Broadcaster accused of exploiting Lawrence case in fight for mayor

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The Independent Online
THE PHONEY war over who should become the Mayor of London finally ended yesterday when broadcaster Trevor Phillips declared his intention to stand for the post.

After months of speculation, the gloves came off in the race when Mr Phillips announced that he was definitely entering the contest and wanted to run as a Labour candidate. Mr Phillips' decision to declare his candidacy means that he is only the third person, along with Ken Livingstone and LordArcher of Weston-super-Mare, to publicly announce his aim to become Britain's first directly elected mayor.

The 45-year-old presenter of London Weekend Television's London Programme said he had decided to stand because recent reports of who was and was not in the running were in danger of turning the whole affair into "a farce".

"After 20 years of crusading for London as a reporter I think it's about time instead of just telling politicians what to do, I would like to play a part in making it happen," he said.

However, Mr Phillips was immediately plunged into controversy over his declaration that the Stephen Lawrence case was one of the main factors behind his decision to stand for mayor.

He said that "without any doubt at all", the inquiry into the racist murder of the London teenager had convinced him that more black people should get involved in public life.

"In the last few weeks, in the Lawrence discussion and debate, what we have seen in London is the fact that this is a city of great diversity. I think I can play a part in turning that diversity into our advantage. I would like to lead that city," he told BBC's Breakfast with Frost programme.

"We who come from minority communities have a right to say that we would like things to be better and different and to include us. But if we want that to happen, we also have a responsibility. That means we have to join the police and get involved with public affairs and I think that by doing this I might be giving a lead to some of my community."

But Tory sources alleged that Mr Phillips was "cynically" using public concern over thetragedy to justify his candidacy, a charge he rebutted vigorously as "nonsense".

"I was the first person to do a documentary on the Lawrence case in 1993 and have been a supporter of the family's efforts since day one. To suggest that it is cynical of me to say it has played a part in me standing is itself utterly cynical and outrageous," Mr Phillips told The Independent.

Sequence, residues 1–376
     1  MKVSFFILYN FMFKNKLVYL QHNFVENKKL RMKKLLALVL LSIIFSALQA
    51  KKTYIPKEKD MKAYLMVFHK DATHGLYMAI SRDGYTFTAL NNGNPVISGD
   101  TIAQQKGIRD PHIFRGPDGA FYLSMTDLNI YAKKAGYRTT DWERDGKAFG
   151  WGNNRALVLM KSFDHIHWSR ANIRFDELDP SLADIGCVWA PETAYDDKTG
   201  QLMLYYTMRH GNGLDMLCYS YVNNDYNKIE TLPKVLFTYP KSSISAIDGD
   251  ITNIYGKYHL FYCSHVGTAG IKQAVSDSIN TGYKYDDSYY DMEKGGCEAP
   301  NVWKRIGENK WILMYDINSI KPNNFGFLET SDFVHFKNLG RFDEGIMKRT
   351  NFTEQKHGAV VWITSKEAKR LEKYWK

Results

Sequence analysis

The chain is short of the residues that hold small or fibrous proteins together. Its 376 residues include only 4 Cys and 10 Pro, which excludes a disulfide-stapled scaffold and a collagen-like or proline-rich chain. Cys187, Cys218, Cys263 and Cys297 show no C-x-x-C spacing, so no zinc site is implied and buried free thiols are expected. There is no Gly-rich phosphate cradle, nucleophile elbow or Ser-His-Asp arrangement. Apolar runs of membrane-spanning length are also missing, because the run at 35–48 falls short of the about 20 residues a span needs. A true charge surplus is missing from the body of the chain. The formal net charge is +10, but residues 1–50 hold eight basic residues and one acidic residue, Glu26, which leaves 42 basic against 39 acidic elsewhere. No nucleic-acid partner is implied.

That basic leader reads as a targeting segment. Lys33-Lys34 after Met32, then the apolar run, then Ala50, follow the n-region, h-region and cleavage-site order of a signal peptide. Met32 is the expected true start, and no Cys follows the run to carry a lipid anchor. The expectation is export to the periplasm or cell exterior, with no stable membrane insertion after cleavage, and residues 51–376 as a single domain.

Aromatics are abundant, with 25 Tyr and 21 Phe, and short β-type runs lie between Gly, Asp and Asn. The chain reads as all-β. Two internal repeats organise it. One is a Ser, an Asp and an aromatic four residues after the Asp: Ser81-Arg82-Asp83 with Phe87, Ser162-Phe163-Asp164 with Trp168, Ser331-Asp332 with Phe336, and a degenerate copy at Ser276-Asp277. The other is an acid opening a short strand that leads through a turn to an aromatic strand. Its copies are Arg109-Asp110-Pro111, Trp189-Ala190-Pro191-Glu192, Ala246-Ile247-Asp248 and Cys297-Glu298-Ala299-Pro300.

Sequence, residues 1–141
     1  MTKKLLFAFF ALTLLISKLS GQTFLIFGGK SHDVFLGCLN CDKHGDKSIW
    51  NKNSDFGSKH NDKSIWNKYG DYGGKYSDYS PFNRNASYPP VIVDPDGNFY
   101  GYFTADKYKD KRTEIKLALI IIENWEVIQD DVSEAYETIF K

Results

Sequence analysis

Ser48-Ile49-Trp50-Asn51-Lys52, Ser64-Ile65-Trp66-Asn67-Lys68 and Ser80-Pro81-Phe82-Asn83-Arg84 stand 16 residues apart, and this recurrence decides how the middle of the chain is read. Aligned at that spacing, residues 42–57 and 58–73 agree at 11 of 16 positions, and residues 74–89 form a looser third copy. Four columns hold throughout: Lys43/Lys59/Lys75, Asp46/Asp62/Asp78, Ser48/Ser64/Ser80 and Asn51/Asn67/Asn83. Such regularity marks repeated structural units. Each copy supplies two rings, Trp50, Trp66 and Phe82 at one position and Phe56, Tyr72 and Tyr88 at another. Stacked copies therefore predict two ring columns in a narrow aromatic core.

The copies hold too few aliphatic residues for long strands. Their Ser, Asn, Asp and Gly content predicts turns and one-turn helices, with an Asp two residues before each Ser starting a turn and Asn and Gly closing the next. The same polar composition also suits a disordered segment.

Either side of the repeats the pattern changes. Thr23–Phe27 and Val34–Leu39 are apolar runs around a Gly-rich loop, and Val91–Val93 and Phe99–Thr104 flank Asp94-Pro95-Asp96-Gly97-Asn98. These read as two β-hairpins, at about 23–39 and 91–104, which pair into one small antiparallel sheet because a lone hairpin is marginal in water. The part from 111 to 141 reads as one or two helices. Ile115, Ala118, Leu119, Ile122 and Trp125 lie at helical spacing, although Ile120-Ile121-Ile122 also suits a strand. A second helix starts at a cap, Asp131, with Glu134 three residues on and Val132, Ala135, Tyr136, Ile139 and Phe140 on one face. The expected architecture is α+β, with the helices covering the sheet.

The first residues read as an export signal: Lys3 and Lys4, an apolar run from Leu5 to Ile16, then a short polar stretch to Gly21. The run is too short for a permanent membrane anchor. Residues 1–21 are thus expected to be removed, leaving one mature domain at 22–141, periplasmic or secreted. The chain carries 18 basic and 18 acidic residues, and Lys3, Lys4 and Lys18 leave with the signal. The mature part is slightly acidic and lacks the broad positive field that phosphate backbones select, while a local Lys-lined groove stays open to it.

Mr Phillips was also called on by Lord Archer, the Tory front-runner, to give up his job as a current affairs presenter to avoid any potential conflict of interest or media bias.

"I just hope Trevor and all others who come aboard are going to devote their full energies to this and not do it part time. I presume Trevor will be giving up his job as a news presenter," Lord Archer said.

The broadcaster said that he would stand aside from chairing mayoral TV debates, but refused to stop reporting on London issues.

Recent reports have named Frank Dobson, the Secretary of State for Health and Mo Mowlam, the Secretary of State for Northern Ireland, as the Labour leadership's favoured candidates for mayor, even though both have dismissed the idea. Other possible candidates include Nick Raynsford, the minister for London, Glenda Jackson, the Transport minister, and Tony Banks, the Sports minister.

Mr Phillips was accused last year by the Tories of using his role as head of the "Yes" campaign in the referendum on the London mayoralty as a platform for his own ambitions.

Lord Archer of Weston-super-Mare

Why Mayor?

"This city needs a strategic approach to tackle its problems and needs someone banging the drum for it abroad."

Why Me?

"I've spent the past two years meeting the people that run things, seeing the problems and finding solutions."

My Rivals?

"I welcome all candidates who are prepared to take this seriously and do the hard work."

Ken Livingstone

Why Mayor?

"London needs a voice again, it needs to be given back its self-respect."

Why Me?

"I have screwed it up once, I will not do the same again. Of course I have yet to persuade Tony of that."

My Rivals?

"I welcome them all. The more the merrier as far as I'm concerned."

Trevor Phillips

Why Mayor?

"It's a great job. But it shouldn't be a circus about who Tony Blair likes and who William Hague says can stand."

Why Me?

"I want to send a signal that there are people who are serious and who want to do the best for the city."

My Rivals?

"I feel this shouldn't be a platform for people who are, frankly, near the back end of their political careers."